Sequel trilogy:

image courtesy of amazon.comThe Force Awakens:

“As Kylo Ren and the sinister First Order rise from the ashes of the Empire, Luke Skywalker is missing when the galaxy needs him most. It’s up to Rey, a desert scavenger, and Finn, a defecting stormtrooper, to join forces with Han Solo and Chewbacca in a desperate search for the one hope of restoring peace to the galaxy.” (Catalogue)


image courtesy of amazon.comThe Last Jedi.

“The Skywalker saga continues as the heroes of The Force Awakens join the galactic legends in an epic adventure. Having taken her first steps into the Jedi world, Rey joins Luke Skywalker on an adventure with Leia, Finn and Poe that unlocks mysteries of the Force and secrets of the past.” (Catalogue)


image courtesy of amazon.comThe Rise of Skywalker.

“When it’s discovered that the evil Emperor Palpatine did not die at the hands of Darth Vader, the rebels must race against the clock to find out his whereabouts. Finn and Poe lead the Resistance to put a stop to the First Order’s plans to form a new Empire, while Rey anticipates her inevitable confrontation with Kylo Ren.” (Catalogue)


Check out the official trailer for Star Wars: The Bad Batch, which arrives on the Disney channel on May 4th, as well as the trailer for popular Star Wars series, The Mandalorian, which  follows the travails of a lone gunfighter in the outer reaches of the galaxy far from the authority of the New Republic.



Enjoy!… and May the Fourth be with you!

Happy Death Day, William Shakespeare!

All the world’s a stage, and all the men and women merely players. Well, that was certainly the case during William Shakespeare’s life. This year marks Shakespeare’s, or the Bard of Avon, (assumed) 457th birthday on the 26th of April and 405th death anniversary on the 23rd April.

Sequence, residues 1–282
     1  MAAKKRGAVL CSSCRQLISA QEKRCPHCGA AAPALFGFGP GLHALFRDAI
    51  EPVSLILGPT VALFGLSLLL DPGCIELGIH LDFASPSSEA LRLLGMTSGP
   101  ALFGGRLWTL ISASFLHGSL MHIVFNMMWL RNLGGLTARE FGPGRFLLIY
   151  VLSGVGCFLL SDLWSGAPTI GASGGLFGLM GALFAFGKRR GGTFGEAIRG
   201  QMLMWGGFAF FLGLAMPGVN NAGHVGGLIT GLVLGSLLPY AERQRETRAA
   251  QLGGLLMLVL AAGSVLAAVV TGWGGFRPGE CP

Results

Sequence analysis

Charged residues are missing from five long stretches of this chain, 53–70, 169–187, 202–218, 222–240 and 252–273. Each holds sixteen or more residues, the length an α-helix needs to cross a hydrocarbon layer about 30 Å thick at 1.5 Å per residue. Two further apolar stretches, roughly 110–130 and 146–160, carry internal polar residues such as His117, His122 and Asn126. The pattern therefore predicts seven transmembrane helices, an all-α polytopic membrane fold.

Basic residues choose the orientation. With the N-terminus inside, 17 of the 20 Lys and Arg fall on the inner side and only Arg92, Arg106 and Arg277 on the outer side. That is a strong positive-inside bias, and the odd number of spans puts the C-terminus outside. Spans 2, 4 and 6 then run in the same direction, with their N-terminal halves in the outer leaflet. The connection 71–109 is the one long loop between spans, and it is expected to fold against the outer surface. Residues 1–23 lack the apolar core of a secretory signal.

Image courtesy of Wikipedia

And pray tell, who was William Shakespeare?

Well, he was an English poet, playwright and actor who is widely regarded as the greatest writer in the English language and the world’s pre-eminent dramatist. People all over the world have come to recognise the image of William Shakespeare and would heard of his plays, but what do we know about the man himself, or even what went on behind the scenes during the performance of his plays, or even who his plays were being performed for?

How dost thou celebrate?

In addition to the traditional birthday party, cake and presents, why not read all about his life, from his early and humble beginnings in Stratford upon Avon, England to conquering the stage in Queen Elizabeth’s court and the Globe Theatre.

image courtesy of syndetics30-second Shakespeare : 50 key aspects of his works, life and legacy, each explained in half a minute.

’30-second Shakespeare’ features 50 of the key moments, works and lasting influences of the Bard, all explained clearly and without the clutter. Each entry is summarized in just 3 seconds – using nothing more than two pages, 300 words and one picture. Leading Shakespeare scholars present an expert guide to his life and works.

image courtesy of syndeticsWill in the world : how Shakespeare became Shakespeare.

Read all about the real-world sources of Shakespeare’s language – of his fantasies, passions, fears, and desires – lie outside the scope of these earlier books. Will in the World will set out to recover the links between Shakespeare and his world and with them to construct a full and vital portrait of the man.


image courtesy of syndeticsShakespeare : the world as stage.